Plea Bargains that Waive Claims of Ineffective Assistance - Waiving Padilla and Frye

27 Pages Posted: 3 May 2013 Last revised: 6 Jul 2013

See all articles by Nancy J. King

Nancy J. King

Vanderbilt University - Law School

Date Written: May 2, 2013


This essay addresses the growing use and enforcement of terms in plea agreements by which a defendant waives his right to attack his plea agreement on the basis of constitutionally deficient representation during negotiations leading to the agreement. Contrary to other commentators and some courts, I argue that the Constitution does not forbid the enforcement of such a waiver, and review steps a judge may have to take in order to ensure that a defendant’s express waiver of the right to effective representation during plea bargaining is knowing and voluntary. I also argue that although the Constitution does not prohibit judges from enforcing broad waivers of the right to attack a plea-based conviction on the basis of poor representation during bargaining, routine adoption and enforcement of such terms would be unwise, and suggest several strategies to avoid this result.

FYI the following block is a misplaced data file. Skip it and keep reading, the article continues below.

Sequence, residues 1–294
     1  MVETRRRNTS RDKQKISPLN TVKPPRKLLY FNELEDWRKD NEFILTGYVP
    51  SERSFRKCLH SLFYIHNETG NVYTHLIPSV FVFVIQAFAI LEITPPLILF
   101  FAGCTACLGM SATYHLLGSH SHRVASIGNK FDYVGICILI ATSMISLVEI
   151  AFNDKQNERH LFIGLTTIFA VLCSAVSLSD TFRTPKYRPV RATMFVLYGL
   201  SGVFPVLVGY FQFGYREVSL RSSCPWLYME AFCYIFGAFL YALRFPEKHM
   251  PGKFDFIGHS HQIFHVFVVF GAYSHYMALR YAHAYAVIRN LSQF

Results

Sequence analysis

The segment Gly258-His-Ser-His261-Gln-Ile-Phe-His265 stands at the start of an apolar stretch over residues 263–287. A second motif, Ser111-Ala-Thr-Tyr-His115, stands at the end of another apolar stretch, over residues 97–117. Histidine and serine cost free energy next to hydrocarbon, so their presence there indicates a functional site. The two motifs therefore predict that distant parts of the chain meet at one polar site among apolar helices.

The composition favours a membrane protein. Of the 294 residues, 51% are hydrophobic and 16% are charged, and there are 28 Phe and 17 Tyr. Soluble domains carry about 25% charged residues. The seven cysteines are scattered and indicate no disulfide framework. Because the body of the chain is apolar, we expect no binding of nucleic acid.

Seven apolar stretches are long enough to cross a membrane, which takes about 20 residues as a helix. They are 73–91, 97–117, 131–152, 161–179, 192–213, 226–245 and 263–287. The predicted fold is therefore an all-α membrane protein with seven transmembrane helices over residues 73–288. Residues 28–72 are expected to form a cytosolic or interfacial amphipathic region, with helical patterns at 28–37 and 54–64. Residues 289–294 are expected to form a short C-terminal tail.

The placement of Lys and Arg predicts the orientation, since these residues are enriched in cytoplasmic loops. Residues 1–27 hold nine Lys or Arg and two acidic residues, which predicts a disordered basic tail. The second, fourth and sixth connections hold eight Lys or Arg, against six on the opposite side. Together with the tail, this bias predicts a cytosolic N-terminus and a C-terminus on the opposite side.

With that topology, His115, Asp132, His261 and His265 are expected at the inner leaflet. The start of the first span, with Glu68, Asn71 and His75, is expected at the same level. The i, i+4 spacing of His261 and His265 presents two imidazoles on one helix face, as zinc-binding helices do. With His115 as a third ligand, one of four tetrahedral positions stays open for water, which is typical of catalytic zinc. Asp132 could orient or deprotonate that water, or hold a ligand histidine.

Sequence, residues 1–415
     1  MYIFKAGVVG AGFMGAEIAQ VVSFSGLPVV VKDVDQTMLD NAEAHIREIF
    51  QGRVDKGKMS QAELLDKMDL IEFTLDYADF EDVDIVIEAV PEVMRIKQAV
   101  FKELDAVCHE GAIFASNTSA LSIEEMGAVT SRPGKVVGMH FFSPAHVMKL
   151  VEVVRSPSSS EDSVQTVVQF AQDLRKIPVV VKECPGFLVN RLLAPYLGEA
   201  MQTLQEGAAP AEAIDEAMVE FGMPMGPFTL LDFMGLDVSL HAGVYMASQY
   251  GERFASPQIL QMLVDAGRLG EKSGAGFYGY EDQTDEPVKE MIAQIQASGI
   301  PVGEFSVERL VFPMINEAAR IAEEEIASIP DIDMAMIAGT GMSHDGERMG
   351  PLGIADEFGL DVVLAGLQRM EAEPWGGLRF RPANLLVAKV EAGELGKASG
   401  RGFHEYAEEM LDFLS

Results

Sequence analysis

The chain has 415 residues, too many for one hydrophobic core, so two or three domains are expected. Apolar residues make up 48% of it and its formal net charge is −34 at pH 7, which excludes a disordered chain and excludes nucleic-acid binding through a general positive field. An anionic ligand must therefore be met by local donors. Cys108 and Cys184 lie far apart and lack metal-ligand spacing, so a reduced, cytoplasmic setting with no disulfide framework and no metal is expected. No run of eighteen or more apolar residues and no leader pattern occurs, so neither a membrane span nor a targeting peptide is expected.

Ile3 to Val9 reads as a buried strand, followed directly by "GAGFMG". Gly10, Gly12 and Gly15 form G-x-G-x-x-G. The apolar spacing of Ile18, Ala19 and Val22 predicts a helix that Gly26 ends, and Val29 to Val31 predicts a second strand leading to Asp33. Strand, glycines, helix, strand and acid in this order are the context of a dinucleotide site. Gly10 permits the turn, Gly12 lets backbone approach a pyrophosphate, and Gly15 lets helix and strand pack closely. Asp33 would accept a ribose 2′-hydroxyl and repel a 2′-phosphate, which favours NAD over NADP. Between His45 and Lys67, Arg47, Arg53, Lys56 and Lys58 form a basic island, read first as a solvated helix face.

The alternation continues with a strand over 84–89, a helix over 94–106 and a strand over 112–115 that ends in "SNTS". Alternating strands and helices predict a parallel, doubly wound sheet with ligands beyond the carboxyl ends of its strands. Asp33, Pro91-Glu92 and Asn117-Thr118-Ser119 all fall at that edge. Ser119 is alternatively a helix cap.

Keywords: Waiver, ineffective assistance, Strickland, Lafler, Frye, plea bargaining, ethics, appeal waiver, habeas, post-conviction, plea agreements

Suggested Citation

King, Nancy J., Plea Bargains that Waive Claims of Ineffective Assistance - Waiving Padilla and Frye (May 2, 2013). Duquesne University Law Review, Vol. 51, p. 647, 2013, Vanderbilt Public Law Research Paper No. 13-25, Available at SSRN:

Nancy J. King (Contact Author)

Vanderbilt University - Law School ( email )

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